As healthcare dollars become even more limited, what can we learn in terms of the care of individuals with hemophilia?

  • 1
    Firstly, the most significant impact on mortality has been from viral diseases transmitted by concentrate. Although current products appear safe from HIV and hepatitis transmission, the HIV epidemic caught us unaware. By all available data, because of the very long asymptomatic period, hepatitis C deaths will continue to increase. What about other viruses? What about prion disease? If we have learned nothing else from the AIDS epidemic, we should have learned that there is no such thing as ‘completely safe’ blood products. To this end, we must encourage drug manufacturers to continue working on concentrates that are completely free of animal and human proteins. Manufacturers and regulatory agencies must be encouraged to report any suspicious instances of new blood-borne pathogens to HTC physicians and patients. Finally, third party payers must not be allowed to make treatment choices for patients and physicians, choices based too often on current cost without regard for potential long-term safety.
  • 2
    Secondly, we all recognize high titer inhibitors can be difficult to control and life-threatening hemorrhage in these patients remains a reality. The incidence of inhibitors in the Dutch cohort was 50% or 5% of the total cohort, but 20% in deceased patients, suggesting the presence of an inhibitor might have contributed to the death of some patients. Still, it behooves the medical community to continue to explore more efficacious means of both treating-bleeding episodes in inhibitor patients and eradicating inhibitors. Close monitoring of patients for the appearance of an inhibitor as well as close supervision once one has been detected and during and after treatment is essential, if we are to lessen the morbidity and mortality associated with inhibitors. This requires knowledge on the part of the treating physician far beyond the expertise of most hematologists, let alone most primary care physicians. It is also very labor intensive. Given not only the medical, but also the psychological and financial ramifications involved, care of inhibitor patients is best undertaken by a team of trained healthcare providers such as seen at comprehensive care clinics.
  • 3
    Thirdly, what, if any, are the implications for comprehensive care? The authors make the point that the rate of death of people with hemophilia did not change over the years. Even worse, the rate of death of people with severe hemophilia, usually the ones most involved with comprehensive care, actually increased 4.5 times during the 1992–2001 interval when compared with 1973–86. Would we be better off putting our healthcare dollars somewhere other than toward the maintenance of comprehensive care centers? We contend not. The data presented by Plug et al. are heavily squewed by the deaths caused by HIV and hepatitis C and, as such, reflect specifically factor concentrate administration prior to 1986, not comprehensive care. If one looks at the life expectancy of people with hemophilia without HIV or HCV disease, it has increased to 74 years and is only 2 years shorter than that of all Dutch males. For people with severe hemophilia, it is 71 years. These numbers compare favorably to a life expectancy of 66 years, (63 years for people with severe hemophilia) in the pre-HIV/HCV days. Assuming this improvement probably has something to do with the system of care these patients are receiving, it is our opinion that we should support rather than condemn comprehensive care at this point. We feel additional studies are needed that address the specific reasons for death apart from viral infection in individuals with hemophilia. This will enable us to more specifically target those areas where additional resources are needed, while continuing to provide client-oriented, coordinated and multidisciplinary care. This approach has probably contributed to the increased life expectancy of HIV/HCV-negative individuals with hemophilia reported by Plug et al.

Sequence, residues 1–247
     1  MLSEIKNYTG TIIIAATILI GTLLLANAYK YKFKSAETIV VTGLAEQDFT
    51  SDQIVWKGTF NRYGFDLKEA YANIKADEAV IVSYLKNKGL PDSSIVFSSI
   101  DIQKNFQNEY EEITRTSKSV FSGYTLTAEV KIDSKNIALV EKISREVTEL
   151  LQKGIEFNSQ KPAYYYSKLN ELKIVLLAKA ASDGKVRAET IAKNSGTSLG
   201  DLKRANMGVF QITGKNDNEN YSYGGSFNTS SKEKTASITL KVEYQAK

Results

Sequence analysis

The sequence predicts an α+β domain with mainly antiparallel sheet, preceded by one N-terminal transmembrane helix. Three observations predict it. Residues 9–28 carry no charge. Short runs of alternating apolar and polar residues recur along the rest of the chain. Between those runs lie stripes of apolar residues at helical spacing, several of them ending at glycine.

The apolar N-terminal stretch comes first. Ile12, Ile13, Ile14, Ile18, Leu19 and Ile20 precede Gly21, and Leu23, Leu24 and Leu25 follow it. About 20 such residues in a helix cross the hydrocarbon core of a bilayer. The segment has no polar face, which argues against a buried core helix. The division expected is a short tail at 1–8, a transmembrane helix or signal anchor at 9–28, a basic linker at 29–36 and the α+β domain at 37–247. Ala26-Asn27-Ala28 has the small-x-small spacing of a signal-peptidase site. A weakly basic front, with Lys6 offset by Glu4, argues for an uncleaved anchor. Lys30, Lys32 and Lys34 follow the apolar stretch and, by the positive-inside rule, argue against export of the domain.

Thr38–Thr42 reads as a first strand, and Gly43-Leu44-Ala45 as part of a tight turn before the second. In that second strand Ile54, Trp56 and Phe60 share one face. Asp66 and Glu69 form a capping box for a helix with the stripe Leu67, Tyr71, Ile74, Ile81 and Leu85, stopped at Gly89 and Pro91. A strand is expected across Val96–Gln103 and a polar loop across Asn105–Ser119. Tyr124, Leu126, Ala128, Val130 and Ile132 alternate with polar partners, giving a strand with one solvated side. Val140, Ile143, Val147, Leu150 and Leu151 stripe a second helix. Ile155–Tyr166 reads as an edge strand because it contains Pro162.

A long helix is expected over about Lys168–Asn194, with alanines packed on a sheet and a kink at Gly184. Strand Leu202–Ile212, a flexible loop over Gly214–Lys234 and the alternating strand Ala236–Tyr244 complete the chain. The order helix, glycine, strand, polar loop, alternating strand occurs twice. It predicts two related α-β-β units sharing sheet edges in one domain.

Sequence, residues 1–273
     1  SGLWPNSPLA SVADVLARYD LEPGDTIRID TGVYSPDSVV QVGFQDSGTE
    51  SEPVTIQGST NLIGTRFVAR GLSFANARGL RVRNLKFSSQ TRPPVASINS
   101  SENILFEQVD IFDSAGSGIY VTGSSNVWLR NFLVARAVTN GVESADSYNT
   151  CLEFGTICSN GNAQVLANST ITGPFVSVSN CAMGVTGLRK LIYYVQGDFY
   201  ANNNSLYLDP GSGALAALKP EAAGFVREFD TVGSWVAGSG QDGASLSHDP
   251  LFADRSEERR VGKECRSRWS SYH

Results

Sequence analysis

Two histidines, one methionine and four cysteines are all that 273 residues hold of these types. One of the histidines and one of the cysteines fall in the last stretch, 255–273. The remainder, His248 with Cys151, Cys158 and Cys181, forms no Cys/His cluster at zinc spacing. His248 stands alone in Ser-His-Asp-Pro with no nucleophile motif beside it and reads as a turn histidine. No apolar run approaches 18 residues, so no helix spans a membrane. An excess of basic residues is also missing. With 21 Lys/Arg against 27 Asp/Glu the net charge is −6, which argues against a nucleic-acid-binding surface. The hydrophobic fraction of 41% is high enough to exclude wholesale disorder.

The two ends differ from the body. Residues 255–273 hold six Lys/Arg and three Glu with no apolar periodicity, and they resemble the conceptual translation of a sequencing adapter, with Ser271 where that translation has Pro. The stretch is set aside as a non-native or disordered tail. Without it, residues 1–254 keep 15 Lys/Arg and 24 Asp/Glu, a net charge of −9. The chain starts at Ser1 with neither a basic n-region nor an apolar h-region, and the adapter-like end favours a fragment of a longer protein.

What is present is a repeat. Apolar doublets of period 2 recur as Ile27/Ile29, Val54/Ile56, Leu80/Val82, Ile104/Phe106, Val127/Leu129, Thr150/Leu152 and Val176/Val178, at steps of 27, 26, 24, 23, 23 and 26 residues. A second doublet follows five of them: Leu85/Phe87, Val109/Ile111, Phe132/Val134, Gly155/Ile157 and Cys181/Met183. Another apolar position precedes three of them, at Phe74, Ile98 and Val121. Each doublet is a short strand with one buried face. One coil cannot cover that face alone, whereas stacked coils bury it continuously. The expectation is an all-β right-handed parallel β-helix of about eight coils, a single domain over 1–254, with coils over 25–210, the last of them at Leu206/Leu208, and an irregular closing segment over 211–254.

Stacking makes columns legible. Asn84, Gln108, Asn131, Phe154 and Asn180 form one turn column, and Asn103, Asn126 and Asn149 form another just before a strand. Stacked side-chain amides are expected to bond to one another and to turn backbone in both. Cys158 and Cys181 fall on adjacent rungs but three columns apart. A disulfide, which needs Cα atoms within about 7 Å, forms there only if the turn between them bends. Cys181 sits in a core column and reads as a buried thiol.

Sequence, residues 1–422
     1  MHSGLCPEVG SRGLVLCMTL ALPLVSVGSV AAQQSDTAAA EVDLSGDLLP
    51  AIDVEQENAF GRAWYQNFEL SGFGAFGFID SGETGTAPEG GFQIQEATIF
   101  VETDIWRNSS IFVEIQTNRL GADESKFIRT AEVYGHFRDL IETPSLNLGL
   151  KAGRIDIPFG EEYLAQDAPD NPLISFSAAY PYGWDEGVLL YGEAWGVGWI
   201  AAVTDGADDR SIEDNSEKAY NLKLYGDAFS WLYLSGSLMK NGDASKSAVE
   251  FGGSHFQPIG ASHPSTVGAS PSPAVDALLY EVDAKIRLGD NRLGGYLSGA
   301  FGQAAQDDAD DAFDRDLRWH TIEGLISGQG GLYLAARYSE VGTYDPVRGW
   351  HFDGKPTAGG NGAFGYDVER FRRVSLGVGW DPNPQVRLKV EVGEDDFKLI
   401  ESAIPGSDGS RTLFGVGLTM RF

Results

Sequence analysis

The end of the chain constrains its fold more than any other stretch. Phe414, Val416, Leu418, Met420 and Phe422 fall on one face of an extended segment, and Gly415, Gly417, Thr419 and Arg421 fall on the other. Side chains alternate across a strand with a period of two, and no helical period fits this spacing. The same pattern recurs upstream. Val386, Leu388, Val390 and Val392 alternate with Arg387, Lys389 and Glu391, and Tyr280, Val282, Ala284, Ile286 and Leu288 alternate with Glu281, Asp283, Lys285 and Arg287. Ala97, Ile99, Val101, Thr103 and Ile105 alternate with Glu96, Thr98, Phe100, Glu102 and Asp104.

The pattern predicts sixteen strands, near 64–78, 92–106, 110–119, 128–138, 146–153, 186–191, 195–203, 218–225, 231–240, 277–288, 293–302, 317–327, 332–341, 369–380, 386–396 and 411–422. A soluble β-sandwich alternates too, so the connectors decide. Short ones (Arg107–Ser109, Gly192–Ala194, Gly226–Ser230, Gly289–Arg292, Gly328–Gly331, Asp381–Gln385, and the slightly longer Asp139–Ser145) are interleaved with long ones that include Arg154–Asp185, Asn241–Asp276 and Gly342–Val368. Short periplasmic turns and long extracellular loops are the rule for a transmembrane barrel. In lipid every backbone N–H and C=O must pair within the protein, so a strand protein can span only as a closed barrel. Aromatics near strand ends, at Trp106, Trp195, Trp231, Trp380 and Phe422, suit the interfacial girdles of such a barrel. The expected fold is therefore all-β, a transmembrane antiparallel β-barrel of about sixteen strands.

References

  1. Top of page
  2. References
  • 1
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  • 2
    Rosendaal FR, Varekamp I, Smit C, Brocker-Vriends AH, Van Dijck H, Vandenbroucke JP, Hermans J, Suurmeijer TP, Briet E. Mortality and causes of death in Dutch haemophiliacs, 1973–86. Br J Haematol 1989; 71: 716.
  • 3
    Forbes CD, Prentice CRM. Mortality In Haemophilia – A United Kingdom Survey. Washington, DC: US Department of Health Education and Welfare [DHEW publication No. (NIH)77-1089], 1976.
  • 4
    Ramgren O. A clinical and medico-social study of haemophilia in Sweden. Acta Med Scand 1962; 171: 11190.
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  • 6
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  • 7
    Ikkala E, Helske T, Myllyla G, Nevanlinna HR, Pitkanen P, Rasi V. Changes in the life expectancy of patients with severe haemophilia A in Finland in 1930–79. Br J Haematol 1982; 52: 712.
  • 8
    Larsson SA, Wiechel B. Deaths in Swedish hemophiliacs, 1957–1980. Acta Med Scand 1983; 214: 199206.
  • 9
    Manco-Johnson MJ, Riske B, Kasper CK. Advances in care of children with hemophilia. Semin Thromb Hemost 2003; 29: 58594.
  • 10
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  • 11
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  • 12
    Soucie JM, Nuss R, Evatt B, Abdelhak A, Cowan L, Hill H, Kolakoski M, Wilber N. Mortality among males with hemophilia: relations with source of medical care. The Hemophilia Surveillance System Project Investigators. Blood 2000; 96: 43742.
  • 13